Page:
• Four Things You Probably Didn't Know About Charles Dickens

    Sun, 07 Feb 2016 08:00:00 Permalink
    As one of the world’s first celebrity authors, much is known about Charles Dickens. He was an active public figure, one who liked walking about London, appearing in the press, and traveling and performing his works around the world. Even someone who hasn’t read Dickens will know something about his squalid childhood or his noble politics. But what about those facts and details that slip by the typical biography? Read More
  • Interesting Editions of John Steinbeck's Of Mice and Men

    Sat, 06 Feb 2016 08:00:00 Permalink
    Legendary author John Steinbeck was a literary mastermind. He wrote prolifically throughout the 20th century, and his work and the themes he presents still resonate today. Of Mice and Men, his 1937 novella, does what all brilliant pieces of literature are wont to do. It gives us characters and situations that make us think and feel deeply. As such, the work has been subject to both high praise and a substantial amount of criticism. But it’s safe to say that Of Mice and Men will continue to be widely read, discussed, and appreciated. For a Steinbeck collector, it’s a must-have Read More
  • Are You Ready for the 2016 California Antiquarian Book Fair?

    Fri, 05 Feb 2016 08:00:00 Permalink
    If you are near Pasadena next weekend (February 12th-14th), we would like to invite you to the 49th California Antiquarian Book Fair! Sign up here for your complimentary tickets, and then join us to experience some remarkable books. Read More
  • Robert Coover and the Great American Novel You've Never Heard Of

    Thu, 04 Feb 2016 08:00:00 Permalink
    Many great artists live rather modest, obscure lives. Of course there are those individuals, the Casanovas, the Byrons, and the Goethes of the world, who write interesting books and are interesting when written about. But this is not so much the case with Robert Coover, who turns 84 today. Prolific, soft-spoken, and wise, the author taught electronic writing at Brown University for years. No, Coover has not earned the publicity of his equals, such as Cormac McCarthy, Toni Morrison, and Thomas Pynchon. But to his readers, Coover has left behind a trove of books that are as vital and boisterous Read More
  • Top Ten James A. Michener Books

    Wed, 03 Feb 2016 08:00:00 Permalink
    James A. Michener is well known for his historical fiction, in-depth research, and lengthy volumes. His books are strong narratives that take an intimate look at the human experience through the lens of historical events and times now past. They will also make long layovers, lazy beach weekends, and stretches of time disappear in a sea of historical fascination. These are ten of his biggest and best books of all time. Read More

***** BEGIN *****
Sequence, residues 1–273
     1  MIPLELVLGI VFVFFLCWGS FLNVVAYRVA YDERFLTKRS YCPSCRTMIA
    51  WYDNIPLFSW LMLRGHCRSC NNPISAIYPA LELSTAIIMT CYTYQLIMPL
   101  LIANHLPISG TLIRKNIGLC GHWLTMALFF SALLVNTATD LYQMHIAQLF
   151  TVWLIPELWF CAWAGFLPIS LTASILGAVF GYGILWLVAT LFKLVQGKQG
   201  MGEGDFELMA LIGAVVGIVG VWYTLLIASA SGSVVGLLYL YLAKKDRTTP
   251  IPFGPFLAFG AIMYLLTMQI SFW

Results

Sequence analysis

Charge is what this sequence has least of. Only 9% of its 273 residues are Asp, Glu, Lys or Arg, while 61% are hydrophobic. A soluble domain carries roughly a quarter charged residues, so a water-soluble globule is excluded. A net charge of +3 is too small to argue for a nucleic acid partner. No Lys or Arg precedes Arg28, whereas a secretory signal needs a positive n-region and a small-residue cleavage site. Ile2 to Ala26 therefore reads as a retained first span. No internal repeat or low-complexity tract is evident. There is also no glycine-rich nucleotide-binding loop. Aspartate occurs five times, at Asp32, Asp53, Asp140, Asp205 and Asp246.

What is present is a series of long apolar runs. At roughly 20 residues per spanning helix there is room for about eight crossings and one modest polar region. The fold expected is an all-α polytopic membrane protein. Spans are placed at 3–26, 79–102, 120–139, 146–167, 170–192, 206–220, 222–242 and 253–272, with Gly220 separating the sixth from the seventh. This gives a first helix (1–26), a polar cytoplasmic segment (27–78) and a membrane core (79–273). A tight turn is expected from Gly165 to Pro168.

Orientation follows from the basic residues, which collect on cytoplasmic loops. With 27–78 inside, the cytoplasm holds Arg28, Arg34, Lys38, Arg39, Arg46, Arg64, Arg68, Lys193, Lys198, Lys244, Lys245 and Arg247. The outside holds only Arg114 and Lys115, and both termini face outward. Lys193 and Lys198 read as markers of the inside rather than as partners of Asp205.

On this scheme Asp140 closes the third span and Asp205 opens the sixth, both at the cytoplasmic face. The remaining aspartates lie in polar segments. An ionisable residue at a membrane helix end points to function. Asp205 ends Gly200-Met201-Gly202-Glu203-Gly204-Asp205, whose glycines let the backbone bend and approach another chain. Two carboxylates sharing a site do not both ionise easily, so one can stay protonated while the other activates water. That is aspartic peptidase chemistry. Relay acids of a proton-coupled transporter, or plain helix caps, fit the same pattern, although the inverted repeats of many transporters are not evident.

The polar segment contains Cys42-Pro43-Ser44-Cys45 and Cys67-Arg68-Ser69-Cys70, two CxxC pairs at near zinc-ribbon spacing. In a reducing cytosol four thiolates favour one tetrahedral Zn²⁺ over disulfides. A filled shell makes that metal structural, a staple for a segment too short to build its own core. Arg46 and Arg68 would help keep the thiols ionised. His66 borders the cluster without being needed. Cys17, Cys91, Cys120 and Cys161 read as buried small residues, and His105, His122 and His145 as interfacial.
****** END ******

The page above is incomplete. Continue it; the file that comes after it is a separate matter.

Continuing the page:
• Playing with Time on Groundhog Day

    Tue, 02 Feb 2016 08:00:00 Permalink
    In the 1993 film Groundhog Day, the protagonist finds himself doomed to live the same day over and over again. Ever since, people have associated this Pennsylvania-German tradition with a time warp, or “time loop,” as it’s often called. Intended to mark the halfway point of winter, Groundhog Day has come to take on a second identity. So this Groundhog Day, we take time to consider the many great books that have a way of playing with time. Read More
  • Who Is the Real Robinson Crusoe?

    Mon, 01 Feb 2016 08:00:00 Permalink
    With any truly great novel, the questions are usually the same. Where did the story come from? What inspired it? Were the characters or plot based on real-life elements? But these tried-and-true questions might mean a little more when asked about Daniel Defoe’s 1719 debut novel Robinson Crusoe, a book literary scholars the world over regard as one of the first realistic fiction novels and one that helped popularize the form we still crave today. Read More
  • Zane Grey: Father of the Western Genre

    Sun, 31 Jan 2016 08:00:00 Permalink
    Throughout his extremely prolific career, Zane Grey wrote nearly 100 books—including over 50 Westerns—baseball stories, books on hunting, young adult books, autobiographies, books on fishing, and a handful of books set in Australia. Grey is widely acknowledged as one of the fathers of the Western genre. His seminal work, Riders of the Purple Sage, is considered the best example of what the Western genre has to offer: a sweeping plot and detailed descriptions of the character of both the people and landscape of the American frontier. In effect, Zane Grey created the vision of pop culture's American West. Read More
  • Richard Brautigan and a One-Man Counter Culture

    Sat, 30 Jan 2016 08:00:00 Permalink